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Re: Loop through all lines in a file

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  • Eric Arnold
    On 6/1/06, Benji Fisher wrote: ... D oh. For some reason I though j was a variable and jumped to a wishful[wrong] conclusion that it
    Message 1 of 6 , Jun 1, 2006
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      On 6/1/06, Benji Fisher <benji@...> wrote:
      ...
      > > let line=getline(".")
      > > while (strlen(line)!=0)
      > > "do sth. here -- construct the external command and so on
      > > j
      > > let line=getline(".")
      > > endwhile
      >
      > Remember that a vim script (including a plugin) is a list of
      > commands in Command-Line (Ex) mode, not Normal mode. So that j means
      > :j[oin], not "move the cursor down one line." If you change "j" to "+"
      > it will be a step in the right direction.

      D'oh. For some reason I though 'j' was a variable and jumped to a
      wishful[wrong] conclusion that it was really:

      exe j

      which would set the line number to an incrementing index. This is
      useful if you are going to use :ex commands in addition to
      function calls.


      > let linenr = 0
      > while linenr < line("$")
      > let linenr += 1 " The += construction requires vim 7.0 .
      > let line = getline(linenr)
      > " ...

      exe linenr

      > endwhile
    • Tim Chase
      ... I second Benji s suggestion of using a :g command if possible. It s more idiomatic, making it easier to understand. While you omit what you re doing with
      Message 2 of 6 , Jun 1, 2006
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        > In the meantime I found a solution myself:
        >
        > let s:lnr=line(".")
        > let s:image=getline(s:lnr)
        > while (strlen(s:image) != 0)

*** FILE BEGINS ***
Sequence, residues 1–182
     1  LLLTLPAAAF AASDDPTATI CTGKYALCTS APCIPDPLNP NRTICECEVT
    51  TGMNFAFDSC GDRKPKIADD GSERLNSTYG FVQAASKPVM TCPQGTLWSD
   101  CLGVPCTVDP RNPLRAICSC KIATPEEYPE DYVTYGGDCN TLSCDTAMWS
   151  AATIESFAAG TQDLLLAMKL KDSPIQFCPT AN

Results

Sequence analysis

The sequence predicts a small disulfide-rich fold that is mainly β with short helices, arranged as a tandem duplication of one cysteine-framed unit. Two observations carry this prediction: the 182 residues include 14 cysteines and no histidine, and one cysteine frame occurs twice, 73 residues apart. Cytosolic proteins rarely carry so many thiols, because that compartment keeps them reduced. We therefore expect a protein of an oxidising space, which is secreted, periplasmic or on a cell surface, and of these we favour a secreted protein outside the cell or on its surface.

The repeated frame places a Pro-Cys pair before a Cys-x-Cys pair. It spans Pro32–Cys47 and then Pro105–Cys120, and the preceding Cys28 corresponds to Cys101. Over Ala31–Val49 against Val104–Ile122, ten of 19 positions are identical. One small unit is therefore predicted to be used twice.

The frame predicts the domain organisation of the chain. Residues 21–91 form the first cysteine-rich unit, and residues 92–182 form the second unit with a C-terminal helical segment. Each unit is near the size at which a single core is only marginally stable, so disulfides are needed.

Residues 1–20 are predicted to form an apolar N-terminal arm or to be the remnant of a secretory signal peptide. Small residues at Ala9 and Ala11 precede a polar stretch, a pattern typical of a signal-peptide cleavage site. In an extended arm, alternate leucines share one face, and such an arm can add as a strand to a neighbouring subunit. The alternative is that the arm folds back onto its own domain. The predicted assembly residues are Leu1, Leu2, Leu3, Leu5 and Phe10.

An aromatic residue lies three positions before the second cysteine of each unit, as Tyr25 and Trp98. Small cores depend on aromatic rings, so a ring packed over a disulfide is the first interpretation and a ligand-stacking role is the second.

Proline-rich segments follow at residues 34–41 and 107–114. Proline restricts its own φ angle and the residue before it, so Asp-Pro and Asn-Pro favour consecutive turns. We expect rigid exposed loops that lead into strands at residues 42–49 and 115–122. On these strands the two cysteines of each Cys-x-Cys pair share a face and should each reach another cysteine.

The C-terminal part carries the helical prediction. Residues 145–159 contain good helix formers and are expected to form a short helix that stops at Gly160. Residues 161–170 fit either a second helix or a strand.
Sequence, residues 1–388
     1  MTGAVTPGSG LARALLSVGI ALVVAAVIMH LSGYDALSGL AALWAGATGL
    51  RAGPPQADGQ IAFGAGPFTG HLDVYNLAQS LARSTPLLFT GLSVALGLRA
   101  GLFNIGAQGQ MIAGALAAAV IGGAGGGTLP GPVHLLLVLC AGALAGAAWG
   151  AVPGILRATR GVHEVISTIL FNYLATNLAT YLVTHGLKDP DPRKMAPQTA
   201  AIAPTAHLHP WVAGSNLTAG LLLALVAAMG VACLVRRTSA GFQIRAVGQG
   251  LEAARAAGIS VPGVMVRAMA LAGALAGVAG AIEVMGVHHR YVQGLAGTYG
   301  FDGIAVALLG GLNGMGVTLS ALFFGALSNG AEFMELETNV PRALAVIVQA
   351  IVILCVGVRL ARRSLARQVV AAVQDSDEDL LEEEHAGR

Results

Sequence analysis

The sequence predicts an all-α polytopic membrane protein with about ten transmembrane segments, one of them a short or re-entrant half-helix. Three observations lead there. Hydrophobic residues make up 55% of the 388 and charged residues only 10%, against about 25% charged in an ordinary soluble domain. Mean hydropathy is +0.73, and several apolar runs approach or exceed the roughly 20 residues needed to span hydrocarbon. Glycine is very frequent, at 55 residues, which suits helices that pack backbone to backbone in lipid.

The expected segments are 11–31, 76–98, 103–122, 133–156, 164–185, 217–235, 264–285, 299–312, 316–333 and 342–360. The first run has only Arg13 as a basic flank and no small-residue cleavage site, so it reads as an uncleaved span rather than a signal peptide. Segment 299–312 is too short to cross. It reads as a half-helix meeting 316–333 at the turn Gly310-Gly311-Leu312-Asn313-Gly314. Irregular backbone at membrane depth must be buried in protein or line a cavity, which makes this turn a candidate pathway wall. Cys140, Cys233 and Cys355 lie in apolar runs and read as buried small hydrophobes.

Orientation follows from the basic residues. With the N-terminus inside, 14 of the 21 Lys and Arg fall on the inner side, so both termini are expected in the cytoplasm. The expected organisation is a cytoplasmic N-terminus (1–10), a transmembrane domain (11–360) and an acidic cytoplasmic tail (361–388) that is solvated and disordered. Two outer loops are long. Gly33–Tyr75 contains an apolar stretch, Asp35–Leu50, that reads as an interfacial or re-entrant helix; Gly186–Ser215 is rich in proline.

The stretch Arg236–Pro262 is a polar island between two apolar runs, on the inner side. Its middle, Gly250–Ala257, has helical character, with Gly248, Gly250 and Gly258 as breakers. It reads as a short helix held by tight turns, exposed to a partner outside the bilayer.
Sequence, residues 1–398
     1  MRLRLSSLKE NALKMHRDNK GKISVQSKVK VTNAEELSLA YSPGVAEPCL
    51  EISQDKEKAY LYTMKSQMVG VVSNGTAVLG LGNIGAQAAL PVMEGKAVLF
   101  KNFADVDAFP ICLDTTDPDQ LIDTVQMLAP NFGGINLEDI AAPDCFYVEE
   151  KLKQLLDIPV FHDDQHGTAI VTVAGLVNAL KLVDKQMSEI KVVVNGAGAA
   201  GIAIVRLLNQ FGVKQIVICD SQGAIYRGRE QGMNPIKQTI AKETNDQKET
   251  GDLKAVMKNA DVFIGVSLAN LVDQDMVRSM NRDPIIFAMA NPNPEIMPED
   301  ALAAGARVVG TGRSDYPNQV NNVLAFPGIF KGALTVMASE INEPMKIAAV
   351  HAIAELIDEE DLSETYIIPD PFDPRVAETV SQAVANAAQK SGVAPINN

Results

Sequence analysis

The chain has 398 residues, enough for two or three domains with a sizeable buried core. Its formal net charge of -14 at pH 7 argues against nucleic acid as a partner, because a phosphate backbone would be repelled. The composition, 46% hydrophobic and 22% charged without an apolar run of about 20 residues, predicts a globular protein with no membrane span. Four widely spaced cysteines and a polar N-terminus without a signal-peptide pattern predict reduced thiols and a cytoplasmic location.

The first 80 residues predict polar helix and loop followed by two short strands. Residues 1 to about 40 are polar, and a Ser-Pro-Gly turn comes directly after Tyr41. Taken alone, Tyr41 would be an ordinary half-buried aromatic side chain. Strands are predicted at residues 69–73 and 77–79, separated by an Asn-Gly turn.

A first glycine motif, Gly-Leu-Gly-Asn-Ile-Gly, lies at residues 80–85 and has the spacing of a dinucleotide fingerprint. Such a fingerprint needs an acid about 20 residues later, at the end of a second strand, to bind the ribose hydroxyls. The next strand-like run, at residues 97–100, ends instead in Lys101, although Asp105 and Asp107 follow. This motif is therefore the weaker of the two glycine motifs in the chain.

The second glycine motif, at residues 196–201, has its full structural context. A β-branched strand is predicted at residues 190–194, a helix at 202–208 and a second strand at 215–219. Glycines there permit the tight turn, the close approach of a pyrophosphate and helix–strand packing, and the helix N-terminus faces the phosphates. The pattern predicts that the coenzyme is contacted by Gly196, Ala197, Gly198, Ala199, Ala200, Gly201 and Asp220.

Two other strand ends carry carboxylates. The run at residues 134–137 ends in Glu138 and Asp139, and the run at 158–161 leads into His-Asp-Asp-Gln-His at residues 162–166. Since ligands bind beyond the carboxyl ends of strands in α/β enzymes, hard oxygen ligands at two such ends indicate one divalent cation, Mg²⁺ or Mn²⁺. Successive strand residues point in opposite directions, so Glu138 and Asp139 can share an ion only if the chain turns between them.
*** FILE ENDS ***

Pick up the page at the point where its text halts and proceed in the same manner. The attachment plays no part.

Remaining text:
> let s:lnr=s:lnr+1
        > let s:image=getline(s:lnr)
        > endwhile
        >
        > I'm not that familiar with the global commands yet, maybe I
        > have to read the documentation again.


        I second Benji's suggestion of using a ":g" command if possible.
        It's more idiomatic, making it easier to understand.

        While you omit what you're doing with s:image once you have it,
        unless you're doing something with it within the body of your
        while statement, you're only getting the last one. It also looks
        like you're getting the line number only to pass it to getline().

        The idiomatic way would be something like

        :g/^/let s:image=getline(".")


        If you only want from the current line to the end of file, you
        can use

        :.,$g/^/let s:image=getline(".")

        (:g defaults to the whole file if you don't specify a range, such
        as ".,$")

        If you want to call a function with each line, or run an external
        command, you can do something like

        :g/^/exec "!somecommand ".getline(".")

        Hope this gives you some additional ideas regarding how to use
        the :g command.

        -tim
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